Wow. April First, but it’s no joke how much — and how quickly — life changed. March 2020 changed the world. Now we’ll see if we survive it.
Spirits seem high around here. On my morning walk, in the park I saw that someone had used colored chalk to write good thoughts on the asphalt path: “Stay Positive!” “Nature!” “Yay! Vit. D.” “Family Time” “Exercise!” (Maybe others will join in. I think I have some colored chalk…)
It’s hard to top the real life wows, but I do have a few interesting items that might at least offer something of a distraction.
When possible, I try to find a theme for the Wednesday Wow posts. Last time, for instance, the theme was aviation and fireworks (two things you wouldn’t normally think went together, but in one case they delightfully did).
The problem is that I’m jaded and have seen a lot, so I can be hard to impress. Not lots of things raise to my highest rating, Wow! Fortunately, I’m not so far gone I can’t still see a world filled with wonder, some of which drops my jaw.
The theme, such as it is, concerns measurements, especially tiny and precise ones. Like, for instance, Planck Length tiny.
There are, firstly, the unique sort of jaw-droppers I usually have in mind for Wednesday Wow. Secondly, there are the little, almost hidden, daily wonders with so much behind them. But it occurred to me there is yet another category, one that is both daily and also jaw-dropping.
It has to do with the human mind and the kind of art it can create. It also has to do with how we respond to that art. What is it that an artist puts into their best work, and what is it that we take from it? Whatever it is, profound or mundane, it can touch us deeply.
As with the greatest guitar solo, ever:
Two things that get me out of bed every day and keep me going through a world I often find brutish, mean, and stupid, are my sense of curiosity and my sense of wonder. It’s another Yin-Yang thing: the Yin of the world’s crap balanced by the Yang of so many neat things to discover and explore.
Those neat things exist on all scales, from the vast to the tiny. (The crap, on the other hand, tends to come in human-sized, in fact in human-shaped, packages.) From quarks to galaxies, the universe is an interesting place.
For today’s Wednesday Wow, I bring you some smaller wonders…
I’m feeling lazy today and not at all like working on a post. But since I’m shooting for 899 by year’s end, and have
16 15 to go, I’m returning to an idea I had long ago but never really pursued. The idea, called Wednesday Wow, is writing posts (on Wednesdays, obviously) about things that really wowed me.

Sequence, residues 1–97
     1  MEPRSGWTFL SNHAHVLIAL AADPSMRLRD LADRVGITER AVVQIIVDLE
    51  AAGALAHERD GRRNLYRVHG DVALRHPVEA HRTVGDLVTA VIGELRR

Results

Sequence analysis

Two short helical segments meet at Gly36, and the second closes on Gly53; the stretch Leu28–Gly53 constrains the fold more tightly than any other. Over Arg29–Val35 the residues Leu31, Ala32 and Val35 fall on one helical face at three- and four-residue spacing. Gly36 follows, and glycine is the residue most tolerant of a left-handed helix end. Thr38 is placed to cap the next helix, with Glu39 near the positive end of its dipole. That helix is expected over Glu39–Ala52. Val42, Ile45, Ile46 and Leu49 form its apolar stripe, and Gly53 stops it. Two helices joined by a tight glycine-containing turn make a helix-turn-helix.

The truth is, lots of things do. For all my cynicism and misanthropy, life and people still fascinate and enthrall me. The various mysteries of physics and consciousness are engaging on their own, but life — for all its ups and downs — is one hell of a ride. (And, of course, I’ve been both blessed and lucky.)
Anyway, here are some wow things and a nice Christmas tune…
Fourier Curve 1
Don’t let the title put you off — this is one of the coolest things I’ve seen in a while. It’s because of math, but there’s no need to get all mathy to enjoy this, you just need to think about clocks. Or even wheels that spin ’round and ’round.
The fun thing is what happens when we connect one wheel to another in a chain of wheels of different sizes and turn rates. If we use the last wheel to trace out a pattern, we get something that resembles the Spirograph toy of old (which worked on a similar principle of turning wheels).
And if we pick the wheel sizes and spin rates just right, we can draw just about any picture we want.
The previous year was an interesting one for me. Last July marked five years of retirement, which has been great, but part of me misses the high information content and challenges work threw at me daily. I’ve tried to keep busy with my own pursuits, one of which was a temporary obsession with the Kīlauea volcano on the Big Island, Hawai‘i.
I wrote about this back in August, just after the (unprecedented) activity subsided. At the time, no one knew if the volcano was just taking a breath, or if the lava flow was really over. At this point we know it was over; there has been no activity since.
For two-and-a-half months, though, it was an impressive display of the undeniable power of Mother Earth and, in particular, her fiery daughter Pele.
Infamous Fissure #8!
I’ve been semi-obsessed the last few weeks by the Kīlauea volcano on the Big Island of Hawai‘i. Back in early May there was a magnitude 6.9 earthquake in the volcanic system, and then things got interesting (in the curse sense). By late May a fissure in the east rift zone was emitting lava at a rate (100 cubic meters per second) not recorded in our history of recording things like that.
All that lava came from a reservoir — the magma chamber — in the volcano, so Kīlauea began experiencing “collapse events” as the summit subsided into the space left by the departed magma. These collapse events resulted in magnitude 5.3 (or so) earthquakes roughly every 32 hours (plus or minus a lot).
And a bunch of us interested parties were online chatting, watching, and waiting for the next collapse event!
In my family, we were rather casual about birthdays and other event days. It wasn’t unusual to celebrate a birthday, not on the exact day, but on a nearby day. We were fairly poor, so birthdays mostly consisted of a cake and a token present of some sort. (Put it this way: I can’t recall a single birthday present I ever got. We just weren’t that into birthdays.)
But I don’t recall ever not celebrating Christmas or Easter on the day. That may be as much due to my father being a pastor and having to do his thing at church on those days. The religious upbringing — and the strong streak of anti-materialism that went with it — likely accounts for downplaying birthdays and other gift-giving occasions.
Which is all to say that I missed posting on John Venn‘s birthday!